MEMBER ALERT: AOPA is closed today, March 5, due to inclement weather. We will reopen March 6 at 8:30 a.m. Eastern.
February 21, 2013
By AOPA ePublishing staff
A new online flight planner puts more tools and upgraded features at AOPA members’ fingertips, empowering them to “fly smarter” with the latest addition to the AOPA FlyQ suite of digital flight planning tools.
AOPA’s new online flight planner, FlyQ Web™, provides robust and easy-to-use flight planning that automatically syncs with the other members of the AOPA FlyQ family—FlyQ Pocket for iPhone or Android smartphones and FlyQ EFB for iPads—for flight planning, aviation weather, and airport information anytime, anywhere. The current AOPA Internet Flight Planner will be retired Feb. 28.
Key features of the new flight planner include a larger chart viewing area, drag-and-drop waypoint editing (rubber banding), multiple routing options including auto-routing based on forecast winds aloft, quick access to airport and FBO information, easy-to-read weather map overlays, and much more. Users can receive legal weather briefings and file flight plans using either CSC DUATS or DTC DUAT. FlyQ Web replaces the AOPA Internet Flight Planner.
“AOPA’s online flight planner is consistently the most popular feature of our website,” says Chris Ward, AOPA vice president of eMedia. “We are continually looking for ways to improve our flight planning options for members and are proud to launch FlyQ Web as an example of that pursuit.”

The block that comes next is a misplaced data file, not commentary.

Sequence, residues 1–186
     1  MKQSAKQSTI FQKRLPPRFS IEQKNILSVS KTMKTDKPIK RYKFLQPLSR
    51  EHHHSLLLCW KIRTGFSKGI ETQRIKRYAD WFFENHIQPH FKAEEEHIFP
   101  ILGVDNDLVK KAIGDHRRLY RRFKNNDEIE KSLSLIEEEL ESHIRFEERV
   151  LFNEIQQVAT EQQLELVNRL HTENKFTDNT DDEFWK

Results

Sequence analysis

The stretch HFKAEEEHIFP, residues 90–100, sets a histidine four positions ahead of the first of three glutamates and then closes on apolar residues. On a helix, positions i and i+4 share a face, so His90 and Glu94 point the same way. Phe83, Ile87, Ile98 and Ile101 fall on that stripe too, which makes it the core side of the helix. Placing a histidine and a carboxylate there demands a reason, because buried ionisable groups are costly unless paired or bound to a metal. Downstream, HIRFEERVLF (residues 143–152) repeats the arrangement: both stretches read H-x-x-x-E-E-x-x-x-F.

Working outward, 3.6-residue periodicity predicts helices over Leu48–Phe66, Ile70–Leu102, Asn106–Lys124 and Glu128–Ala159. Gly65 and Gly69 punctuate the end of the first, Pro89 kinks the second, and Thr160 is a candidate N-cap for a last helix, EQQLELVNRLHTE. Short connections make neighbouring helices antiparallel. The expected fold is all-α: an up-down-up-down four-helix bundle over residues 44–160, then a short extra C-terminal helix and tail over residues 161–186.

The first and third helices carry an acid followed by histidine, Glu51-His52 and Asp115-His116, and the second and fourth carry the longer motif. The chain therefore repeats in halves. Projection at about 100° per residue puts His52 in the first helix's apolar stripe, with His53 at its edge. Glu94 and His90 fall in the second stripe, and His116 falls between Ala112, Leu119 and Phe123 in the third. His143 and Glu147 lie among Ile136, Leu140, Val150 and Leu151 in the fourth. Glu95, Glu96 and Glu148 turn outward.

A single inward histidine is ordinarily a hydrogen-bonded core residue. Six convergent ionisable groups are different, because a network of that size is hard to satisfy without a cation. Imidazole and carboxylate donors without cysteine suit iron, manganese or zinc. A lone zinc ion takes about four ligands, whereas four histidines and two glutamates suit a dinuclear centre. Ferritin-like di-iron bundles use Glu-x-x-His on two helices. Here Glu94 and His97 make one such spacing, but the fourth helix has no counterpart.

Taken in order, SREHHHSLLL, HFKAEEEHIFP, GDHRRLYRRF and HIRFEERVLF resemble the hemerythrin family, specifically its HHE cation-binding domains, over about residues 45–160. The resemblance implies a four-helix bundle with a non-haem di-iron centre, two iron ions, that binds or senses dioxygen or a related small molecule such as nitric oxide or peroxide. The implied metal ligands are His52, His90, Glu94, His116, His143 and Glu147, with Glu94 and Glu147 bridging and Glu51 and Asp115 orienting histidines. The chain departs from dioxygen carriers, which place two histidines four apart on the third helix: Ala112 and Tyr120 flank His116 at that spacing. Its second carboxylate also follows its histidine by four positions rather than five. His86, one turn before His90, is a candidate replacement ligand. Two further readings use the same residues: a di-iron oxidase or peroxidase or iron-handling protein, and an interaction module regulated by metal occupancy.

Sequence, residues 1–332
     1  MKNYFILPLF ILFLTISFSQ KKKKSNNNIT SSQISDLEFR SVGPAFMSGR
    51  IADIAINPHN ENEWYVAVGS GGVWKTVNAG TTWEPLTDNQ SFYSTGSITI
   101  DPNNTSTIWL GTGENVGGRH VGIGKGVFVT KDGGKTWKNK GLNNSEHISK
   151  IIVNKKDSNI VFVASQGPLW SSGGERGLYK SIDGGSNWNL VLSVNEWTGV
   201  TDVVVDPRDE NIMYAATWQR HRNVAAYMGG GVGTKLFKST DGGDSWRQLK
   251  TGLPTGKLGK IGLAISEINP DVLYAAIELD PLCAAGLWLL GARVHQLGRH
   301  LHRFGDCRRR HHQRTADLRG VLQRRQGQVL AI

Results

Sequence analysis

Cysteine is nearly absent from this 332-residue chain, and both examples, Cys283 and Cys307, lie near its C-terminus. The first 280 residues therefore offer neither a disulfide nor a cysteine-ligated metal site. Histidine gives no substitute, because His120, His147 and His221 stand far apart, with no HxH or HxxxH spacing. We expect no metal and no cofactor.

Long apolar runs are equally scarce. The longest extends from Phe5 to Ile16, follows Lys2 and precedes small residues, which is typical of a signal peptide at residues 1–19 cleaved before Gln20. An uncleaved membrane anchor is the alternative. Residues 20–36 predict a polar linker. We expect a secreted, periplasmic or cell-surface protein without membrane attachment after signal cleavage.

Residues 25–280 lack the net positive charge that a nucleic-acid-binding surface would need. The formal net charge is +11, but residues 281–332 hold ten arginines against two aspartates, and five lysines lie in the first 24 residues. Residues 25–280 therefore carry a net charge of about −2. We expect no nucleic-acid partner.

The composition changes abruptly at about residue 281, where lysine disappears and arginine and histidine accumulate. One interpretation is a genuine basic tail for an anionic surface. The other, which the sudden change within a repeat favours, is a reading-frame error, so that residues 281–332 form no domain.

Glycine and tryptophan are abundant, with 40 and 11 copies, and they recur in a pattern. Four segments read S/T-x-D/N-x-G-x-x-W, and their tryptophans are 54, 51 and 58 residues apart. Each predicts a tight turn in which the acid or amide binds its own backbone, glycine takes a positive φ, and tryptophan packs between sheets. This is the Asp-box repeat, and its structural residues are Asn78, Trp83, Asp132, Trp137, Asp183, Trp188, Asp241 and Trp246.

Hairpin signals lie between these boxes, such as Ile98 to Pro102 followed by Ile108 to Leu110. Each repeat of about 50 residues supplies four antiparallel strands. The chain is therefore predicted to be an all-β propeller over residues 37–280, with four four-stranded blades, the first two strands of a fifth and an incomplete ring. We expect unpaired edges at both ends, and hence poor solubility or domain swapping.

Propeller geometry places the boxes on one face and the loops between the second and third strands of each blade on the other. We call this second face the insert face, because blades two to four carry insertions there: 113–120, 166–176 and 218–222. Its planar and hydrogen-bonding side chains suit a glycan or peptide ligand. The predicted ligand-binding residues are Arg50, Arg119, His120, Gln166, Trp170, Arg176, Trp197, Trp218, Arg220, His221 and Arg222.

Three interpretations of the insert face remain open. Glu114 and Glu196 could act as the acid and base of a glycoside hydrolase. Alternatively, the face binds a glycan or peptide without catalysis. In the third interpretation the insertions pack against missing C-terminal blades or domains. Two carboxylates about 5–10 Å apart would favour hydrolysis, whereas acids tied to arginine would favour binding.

FlyQ Web is free for AOPA members. Learn more at www.aopa.org/flyqweb.
Safety and Education,
AOPA Products and Services,
Pilot Weather Briefing Services,
FAA Information and Services
Actor, pilot, and general aviation advocate Harrison Ford was hospitalized March 5 after sustaining injuries in an airplane accident at a California golf course, according to multiple news reports.
Controller David Bricker of Albuquerque Center assisted a Cessna 172 pilot that encountered moderate precipitation, icing, and turbulence in mountainous terrain.
Controller James Hansmann of Los Angeles Center guides the pilot of a Cessna 182 with inoperative radios who had become disoriented in mountainous terrain, near restricted airspace and an international border.
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